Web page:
4. Black Rosy-Finch
  5. High Noon
  6. Communal
  7. Lone-Pine Blackbird (I made that name up)
  8. American Coot
  9. 1200
  10. Dripping water into a bird bath
  11. Red, Yellow, and Black
  12. Black-Headed Grosbeak
  13. Black-oil sunflower seeds
  14. In a cavity such as in a tree or nest box
  15. Barn Swallow

May 26, 2015

What I Learned in Africa About Munds Park Birding


African Fish-Eagle

African Fish-Eagle

This past January we took a three-week trip to southern Africa to golf and go on safaris.  I of course also planned to do some semi-serious birding.  Semi-serious in that I made no changes to our itinerary to see specific birds, but I did take with me a field guide of the most common 500 birds of southern Africa and my lightweight Leopold binoculars.  I learned several things on this trip.

  1. There are many families of birds in southern Africa (in our case Zambia, Botswana, and South Africa) that are similar to birds here in Munds Park and were easy for me to identify. For example, we have the Pied Grebe species here, seen regularly in Lake Odell or the Pinewood Country Club’s ponds.   The Little Grebe species of southern Africa is similar but even smaller.  We were golfing, and there it was in a pond near the 1st tee box.  It is so small that at first I thought it was a baby or juvenile.  Another example is the African Fish-Eagle.  It has a white head and dark body and you would think “Bald Eagle” when you first spot it.  We see an occasional Bald Eagle in Munds Park soaring in the sky or perched high in a tree limb. We also get Canada Geese in Munds Park, and in Africa they get the Egyptian Goose.  Both species are often considered pests at parks and golf courses because they are so common and so messy.  One of the smaller, similar birds I identified was a Barn Swallow – almost exactly like the ones we have in Munds Park.  And we have our Band-Tailed Pigeon, which is unique to the western United States.  In Botswana I saw the Speckled Pigeon and the African Green Pigeon species.
  2. Another thing I learned is that there are many families of birds in Munds Park that have no connection to any in southern Africa, at least in my non-scientific opinion. I didn’t see nuthatches (we have White-Breasted, Pygmy, and Red-Breasted), or hummingbirds (we have Anna’s and Rufous) or anything similar to our Munds Park’s Black-Headed Grosbeak or Western Bluebird.
  3. There were a lot of bird families I had to become familiar with, and I was helped greatly because we had very knowledgeable safari guides with us. Bee-eaters, Barbets, Bulbuls, Hornbills, and Weavers were just some of the new bird families I saw, and within those families there were different unique species.  The feather colors and sizes and shapes of their bills or head feathers always made for challenging and fun bird watching by all of us on the trip.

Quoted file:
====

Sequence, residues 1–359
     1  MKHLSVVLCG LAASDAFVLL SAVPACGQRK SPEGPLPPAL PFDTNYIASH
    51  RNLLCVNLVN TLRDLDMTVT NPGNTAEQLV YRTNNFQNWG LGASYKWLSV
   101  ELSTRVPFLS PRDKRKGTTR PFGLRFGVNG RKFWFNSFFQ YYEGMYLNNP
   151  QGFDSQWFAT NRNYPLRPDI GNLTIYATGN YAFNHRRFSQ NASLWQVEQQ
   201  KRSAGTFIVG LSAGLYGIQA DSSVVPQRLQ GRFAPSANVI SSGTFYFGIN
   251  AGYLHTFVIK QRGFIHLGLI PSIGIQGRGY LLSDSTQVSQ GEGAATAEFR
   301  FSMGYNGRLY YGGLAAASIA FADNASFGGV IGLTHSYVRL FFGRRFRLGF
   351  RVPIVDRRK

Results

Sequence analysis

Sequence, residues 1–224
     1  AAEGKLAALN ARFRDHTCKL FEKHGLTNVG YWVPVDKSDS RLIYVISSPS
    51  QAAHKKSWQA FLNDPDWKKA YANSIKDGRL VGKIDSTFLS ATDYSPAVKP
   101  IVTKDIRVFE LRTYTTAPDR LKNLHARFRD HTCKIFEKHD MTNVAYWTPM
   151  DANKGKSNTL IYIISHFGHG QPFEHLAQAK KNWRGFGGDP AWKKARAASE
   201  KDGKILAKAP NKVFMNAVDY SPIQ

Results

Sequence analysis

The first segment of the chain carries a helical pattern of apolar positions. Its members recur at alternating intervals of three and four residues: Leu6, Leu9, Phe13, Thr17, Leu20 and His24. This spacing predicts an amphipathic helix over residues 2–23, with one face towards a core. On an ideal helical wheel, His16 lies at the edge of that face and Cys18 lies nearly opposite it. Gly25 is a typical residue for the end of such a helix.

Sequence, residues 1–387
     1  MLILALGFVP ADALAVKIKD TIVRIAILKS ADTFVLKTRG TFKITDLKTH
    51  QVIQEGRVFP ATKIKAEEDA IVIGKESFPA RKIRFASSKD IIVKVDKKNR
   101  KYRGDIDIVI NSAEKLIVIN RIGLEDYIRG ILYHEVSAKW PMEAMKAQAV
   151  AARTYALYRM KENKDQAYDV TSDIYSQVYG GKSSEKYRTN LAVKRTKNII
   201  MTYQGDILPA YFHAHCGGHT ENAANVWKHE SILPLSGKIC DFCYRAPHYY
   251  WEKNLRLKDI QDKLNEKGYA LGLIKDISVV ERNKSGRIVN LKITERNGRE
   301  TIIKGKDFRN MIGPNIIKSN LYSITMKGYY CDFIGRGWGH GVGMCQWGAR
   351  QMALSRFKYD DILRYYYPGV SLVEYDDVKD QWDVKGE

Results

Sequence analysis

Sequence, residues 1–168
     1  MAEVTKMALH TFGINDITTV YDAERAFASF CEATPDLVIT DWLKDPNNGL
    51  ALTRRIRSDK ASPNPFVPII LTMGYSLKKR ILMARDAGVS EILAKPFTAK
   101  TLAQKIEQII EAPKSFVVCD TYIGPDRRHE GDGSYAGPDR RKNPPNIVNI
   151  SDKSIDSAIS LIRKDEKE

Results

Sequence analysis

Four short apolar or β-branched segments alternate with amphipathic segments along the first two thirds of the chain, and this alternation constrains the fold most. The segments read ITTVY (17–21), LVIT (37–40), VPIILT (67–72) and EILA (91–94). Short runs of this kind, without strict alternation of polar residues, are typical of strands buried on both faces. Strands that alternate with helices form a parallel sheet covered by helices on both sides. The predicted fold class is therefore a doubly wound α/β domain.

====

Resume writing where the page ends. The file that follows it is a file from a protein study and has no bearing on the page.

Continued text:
4. Speaking of all of us on the trip, there were 12 of us, and everyone became a mini-birder during those three weeks. Everyone commented that seeing all the birds in between Lion or Hippo watching, for example, made the trip much more interesting.  All in all I was able to identify 125 new bird species – without trying very hard.
  5. The last thing I learned is to be prepared. I took one pair of binoculars – I should have taken at least a second pair.  I could have used stronger binoculars (such as a 10×50) for longer distances, plus others on the trip could have used my spare when I wasn’t.  Having the field guide in advance was a real advantage.  To translate that to Munds Park, I would suggest you have a field guide of US Western Birds, at minimum, handy in your house and invest in a decent pair of binoculars.  I have used Eagle Optics and Amazon when ordering online, and you can find a satisfactory pair for under $200.

November 8, 2009

Bald Eagle in MP and Migration Notes

Filed under: Bald Eagles,Munds Park Birding — Munds Park Birding @ 4:12 pm

Yesterday a fellow-birder posted a sighting on the UofA birding list of a Bald Eagle seen near I-17 near Munds Park.  Hopefully some of our year-round residents got to see it as well.  Here in Phoenix the weather is wonderful and I’m spending more time golfing than birding (when not working).  But this week on the course at 56th Street and Thomas I saw a small flock of Western Bluebirds – the first time ever for me for this species at this location.    And then to top it off, two Western Meadowlarks, also another first at this location.  Which makes me think – sometimes hitting in the middle of the fairway has its drawbacks.  It’s the walk in the trees that makes it easier to spot some of the migrating birds.  The other winter visitors that have shown up are the Ring-Necked Ducks.  Now it’s just a matter of time before the American Widgeons arrive.